John Walsh PA, CDE

John Walsh, PA is a Physician Assistant and Diabetes Clinical Specialist with Advanced Metabolic Care and Research. He has provided clinical care for patients with diabetes for more than 30 years, including thousands of people on insulin pumps. He is co-author of Pumping Insulin, now in its 5th edition, Using Insulin, STOP the Rollercoaster, and The Pocket Pancreas. President of the Diabetes Mall, he is also webmaster of diabetesnet.com, a highly trafficked source of diabetes information and technology visited by 6,000 people a day, and opensourcediabetes.org. John is a consultant and advisory board member for pharmaceutical and device corporations and a frequent speaker on diabetes, insulin pump therapy, bolus calculators, infusion set design, glucose management, and the future of smart pumps, meters and continuous monitors. His recent research, published in the Journal of Diabetes Science and Technology, explores the dosing and behaviors that lead to successful glucose outcomes by pump wearers. John has worn nearly every insulin pump and CGM available and is a sub-investigator on numerous research studies on diabetes drugs and devices.

Tandem's Project Odyssey May Change Upgrades from Hardware to Software

Tandem Upgrades

When a pump company brings out a new pump, wearers using the prior models often want to upgrade to the latest and greatest device for its advancements or improvements in software or hardware. And based on usual industry practice, they expect an upgrade policy that allows them to buy the new pump at a reduced price. Tandem Pump Company recently announced the good news that FDA approval for the new t:slim G4 insulin pump that comes with a built-in Dexcom G4 is expected later this year. This new pump has a new body, new software, and new parts that allow it to display Dexcom G4 data right on the pump screen. Tandem will be ready to ship 30 days after approval.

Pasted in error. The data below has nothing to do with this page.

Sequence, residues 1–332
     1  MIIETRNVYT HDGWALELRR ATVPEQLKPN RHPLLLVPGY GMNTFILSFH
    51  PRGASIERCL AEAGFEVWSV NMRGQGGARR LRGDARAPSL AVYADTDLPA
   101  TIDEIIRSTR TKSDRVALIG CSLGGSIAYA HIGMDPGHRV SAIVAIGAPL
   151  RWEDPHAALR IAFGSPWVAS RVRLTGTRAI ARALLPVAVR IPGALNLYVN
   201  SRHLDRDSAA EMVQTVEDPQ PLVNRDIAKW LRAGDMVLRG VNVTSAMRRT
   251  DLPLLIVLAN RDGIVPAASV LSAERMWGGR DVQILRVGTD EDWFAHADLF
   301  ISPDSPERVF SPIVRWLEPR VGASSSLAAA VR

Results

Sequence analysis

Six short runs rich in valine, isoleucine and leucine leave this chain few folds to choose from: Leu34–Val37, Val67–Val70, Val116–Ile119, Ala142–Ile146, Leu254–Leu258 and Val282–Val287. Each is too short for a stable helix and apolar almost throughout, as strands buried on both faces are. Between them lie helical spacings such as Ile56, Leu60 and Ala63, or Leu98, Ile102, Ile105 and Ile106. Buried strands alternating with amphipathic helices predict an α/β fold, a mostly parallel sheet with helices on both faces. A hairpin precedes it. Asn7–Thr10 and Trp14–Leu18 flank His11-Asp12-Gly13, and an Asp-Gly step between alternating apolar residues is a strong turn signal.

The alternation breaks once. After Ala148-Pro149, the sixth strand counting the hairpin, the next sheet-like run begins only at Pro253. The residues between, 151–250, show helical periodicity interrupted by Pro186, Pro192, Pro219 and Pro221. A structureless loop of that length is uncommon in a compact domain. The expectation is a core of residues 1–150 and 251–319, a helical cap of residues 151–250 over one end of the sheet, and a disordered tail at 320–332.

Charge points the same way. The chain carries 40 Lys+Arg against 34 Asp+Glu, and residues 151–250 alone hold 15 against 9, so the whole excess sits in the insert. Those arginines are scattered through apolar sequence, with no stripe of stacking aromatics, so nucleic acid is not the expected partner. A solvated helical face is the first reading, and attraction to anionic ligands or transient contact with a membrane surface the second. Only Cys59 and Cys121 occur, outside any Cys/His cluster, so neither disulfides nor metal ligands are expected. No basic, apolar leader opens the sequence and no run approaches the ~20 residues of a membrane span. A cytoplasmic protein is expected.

Device Connectivity – The Next Big Wave in Diabetes

The Apple Watch and its operating system iOS 8 holds great promise for people with diabetes when it and the iPhone finally connect wearers to Apple’s Health software. With Android options also rapidly developing, these advances hold great potential for easy passage of diabetes data between devices so it can benefit people with diabetes and their health care providers. The question we really want answered is when will the meter, pump and CGM talk to each other?

Ask John

Welcome to our Ask John column. Here, we'll be posting questions from visitors that John has answered. These questions cover a wide range of topics, including insulin pumps, infusion sets, continuous glucose monitors, and medications. If you would like to send John a question, visit our contact page to post them. Please note that any advice given should be discussed with your physician before you try them.

Tidepool - Acquiring, Storing, and Opening Data for Improved Diabetes Care

Who does your diabetes data belong to? You - obviously. You're the one who created it and needs it for diabetes management. Your glucose readings, your insulin doses, your carbs and meals consumed, your exercise events, your stress levels, your devices. How can you take charge of your data and benefit from it?

Duration of Insulin Action

The duration of insulin action time (DIA, or active insulin time) is how long a bolus of insulin lowers your glucose. The DIA time starts when a bolus is given and ends when the bolus is no longer lowering the glucose. Like any medication you take, it is important to know whether insulin is still working or is “used up” before you take more. Boluses are frequently given before the previous bolus or boluses are used up. This is called insulin stacking. In the APP study, 64% of 132,000 bolus doses from 396 insulin pumps were delivered within 4.5 hours of a previous bolus, so most boluses involve some degree of insulin stacking.1 After a bolus is given, an accurate DIA minimizes insulin stacking and lessens hypoglycemia by accurately tracking how much insulin activity remains from previous boluses. This is reported as Insulin On Board or active insulin on a pump screen.

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